I Lost my Aunt to Leukemia

It’s been nearly seven months since my aunt died, and the constant pacing of days and nights that pass by makes it impossible for me to let it all sink in, except for the few nights — when the world is eerily too quiet and the darkness seemed so inviting to swim through your thoughts.

See, my aunt’s death was something I never truly opened to anyone; it was always casual. I think it was an unspoken understanding that there’s little to be said when it comes to death. Thus, I tried to avoid the conversation of talking about losing a loved one in fear of killing the atmosphere of conversations I have with others.

But here’s the truth of losing a loved one you somehow knew was already going to go: no amount of preparation can suffice the day it actually happens and no amount of convincing could ever bring you back to this world believing it’s still the same.

Weeks nearing her death, my parents would constantly bring up her condition and would update us on a daily basis about what the doctor told them at the hospital. During these times, I was working until 9 pm and would take the bus home wherein there, I fight back tears as I slowly see the dimly-lit streets fly by from the moist window. By the time I get home, everyone has gone to bed and relief washes over me because then, I wouldn’t have to talk about it — not because I didn’t like talking about it but because I had no idea where to start.

Then on the day of her death, my brother called me while I was still in the middle of work.

“Have you heard about Tita Lani [Aunt Lani]? She passed away already.”

I was told that my parents and brother were all at the hospital to arrange the needed requirements for the wake and funeral. I arrived home that night to a quiet house. No one was home and nothing felt more comforting than that. I let go of a cry I have managed to hold in for so long in the remainder of the night of her death.

I look back on the days when my aunt was still alive —when she would be so full of life and her voice fills the room at family reunions and Christmas celebrations. I remember the times she and I would talk about how I am faring in school and how things are at home. And now, all I wanted was to ask her how she was. I wish I was able to ask her how it was being in her 40s without a family. I never really got to ask her how life treated her all these years. I wish I knew.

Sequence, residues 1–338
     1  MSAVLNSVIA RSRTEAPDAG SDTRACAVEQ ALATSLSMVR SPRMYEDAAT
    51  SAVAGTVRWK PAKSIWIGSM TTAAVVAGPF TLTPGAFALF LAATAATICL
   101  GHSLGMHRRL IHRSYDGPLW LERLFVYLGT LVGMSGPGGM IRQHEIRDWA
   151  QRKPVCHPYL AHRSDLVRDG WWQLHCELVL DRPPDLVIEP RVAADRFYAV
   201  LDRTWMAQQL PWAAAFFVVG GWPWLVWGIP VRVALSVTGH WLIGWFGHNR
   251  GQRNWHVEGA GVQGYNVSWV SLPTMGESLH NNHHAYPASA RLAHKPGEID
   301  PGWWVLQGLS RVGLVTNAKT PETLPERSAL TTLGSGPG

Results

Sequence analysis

I would have asked her to sing with me in every Christmas and New Year reunions we had. I would have told her about my first heartbreak and the people I’ve let go for the past years. I would have told her what I hated and loved about our family and what I wanted to be years from now.

Yet, me and my aunt are too much alike. It’s almost as if she was a twin sister, bonded not only by blood, but also by wisdom and thoughts. She knows my heart well so I am certain she knows why I remained quiet all this time and I know her heart well enough to understand why she no longer had to ask.

And in the end, despite everything that has been unsaid between us, I am thankful that she and I did not need much words to understand each other’s hearts. I am thankful she let me mourn her death quietly and allowed me to feel her loss almost everyday because only then do I know that life does go on. And I can almost hear her whisper, “Tuloy lang [go on].” And I would let out a laugh because it hurts a lot to know how much I know your heart and I lost one of them too soon.